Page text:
Oil Rig and Platform Injury Lawyer
Offshore oil rigs and platforms are large, complex structures designed to drill for, remove, process and then temporarily store oil or natural gas until the material can be transported for refining and eventual sale. While some rigs are capable of floating or even moving under their own power, others are permanently attached to the sea floor. These structures are usually fitted with living facilities that allow the crew to operate onboard 24 hours a day. Some of the different types of offshore oil rigs include:
Fixed Platforms are large, permanent structures with legs made of steel and/or concrete. These legs are driven directly into the seafloor. Fixed platforms typically consist of a main deck to support the drilling rig itself along with production facilities and living quarters for the crew.
- Tension Leg Platforms
Tension Leg Platforms, also known as TLPs, are floating structures tethered to the seafloor in order to minimize vertical movement. TLPs are used to drill at depths of up to 6,000 feet.
- Compliant Towers
Compliant Towers are slender, flexible steel structures designed to support a drilling deck and facilities for production. These towers are designed to function at depths of up to 3,000 feet.
Semi-submersibles are platforms fitted with buoyant hulls which allow them to float on water and be easily transported from location to location. Semi-submersibles can be kept stationary during drilling and production either with ropes and chains or through the use of dynamic positioning technology. These rigs are designed to operate at depths of up to 10,000 feet.
Spars are generally secured to the seabed just like Tension Leg Platforms (TLPs) but use ordinary mooring lines as opposed to vertical tension tethers. Some spars can operate at depths up to 8,000 feet. There are three types of spars, including:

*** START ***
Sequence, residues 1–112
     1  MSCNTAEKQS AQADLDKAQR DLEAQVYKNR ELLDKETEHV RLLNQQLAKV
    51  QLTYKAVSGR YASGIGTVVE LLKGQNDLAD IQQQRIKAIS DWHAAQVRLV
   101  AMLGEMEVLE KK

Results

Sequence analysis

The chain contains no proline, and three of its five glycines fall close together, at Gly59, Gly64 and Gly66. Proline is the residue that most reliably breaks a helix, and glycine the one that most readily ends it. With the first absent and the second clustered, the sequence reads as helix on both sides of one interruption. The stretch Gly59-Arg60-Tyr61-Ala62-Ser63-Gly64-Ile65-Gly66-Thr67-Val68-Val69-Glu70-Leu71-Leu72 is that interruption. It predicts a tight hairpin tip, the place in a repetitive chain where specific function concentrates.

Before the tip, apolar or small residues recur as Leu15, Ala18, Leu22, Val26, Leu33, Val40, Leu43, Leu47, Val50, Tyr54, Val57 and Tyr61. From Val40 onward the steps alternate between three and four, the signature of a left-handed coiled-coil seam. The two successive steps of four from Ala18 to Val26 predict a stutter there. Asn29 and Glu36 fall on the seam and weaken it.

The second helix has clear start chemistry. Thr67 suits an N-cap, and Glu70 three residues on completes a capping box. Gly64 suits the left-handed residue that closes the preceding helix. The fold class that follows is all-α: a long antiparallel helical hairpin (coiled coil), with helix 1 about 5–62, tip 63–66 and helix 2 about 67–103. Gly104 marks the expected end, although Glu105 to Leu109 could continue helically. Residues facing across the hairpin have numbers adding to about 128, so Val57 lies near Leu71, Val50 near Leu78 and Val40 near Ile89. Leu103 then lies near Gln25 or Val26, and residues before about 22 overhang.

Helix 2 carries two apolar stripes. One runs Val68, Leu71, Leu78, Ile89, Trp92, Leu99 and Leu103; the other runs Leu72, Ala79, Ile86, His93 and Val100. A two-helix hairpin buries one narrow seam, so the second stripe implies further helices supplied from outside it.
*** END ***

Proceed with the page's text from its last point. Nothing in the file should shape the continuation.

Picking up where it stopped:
- Conventional Spar – a one-piece unit designed with a cylindrical hull
- Truss Spar – a multi-piece design that features an upper buoyant hull called the “hard tank” connected to the bottom, ballasted soft tank by a number of trusses.
- Cell Spar – a platform constructed from several vertical cylinders
Drillships are ocean-going vessels designed with drilling rigs onboard.
These ships are often used to explore for oil and gas in deep water or as platforms for scientific research. While exploring, these maritime vessels are kept in place through the use of dynamic positioning technology. Drillships can operate at depths of up to 12,000 feet.
- Floating Production, Storage and Offloading Systems
Floating Production, Storage and Offloading Systems, also known as FPSOs, are large single-hulled structures often shaped like a ship. FPSOs house processing facilities for oil and gas that is produced by production platforms. They are typically moored to specific locations for long periods of time.
- Jack-Up Rigs
Jack-up rigs, also known as Mobile Offshore Drilling Units (MODUs), are moveable platforms fitted with legs that can be lowered to the seabed in order to lift the rig above the water. Jack-up rigs can function at depths of up to550 feet.
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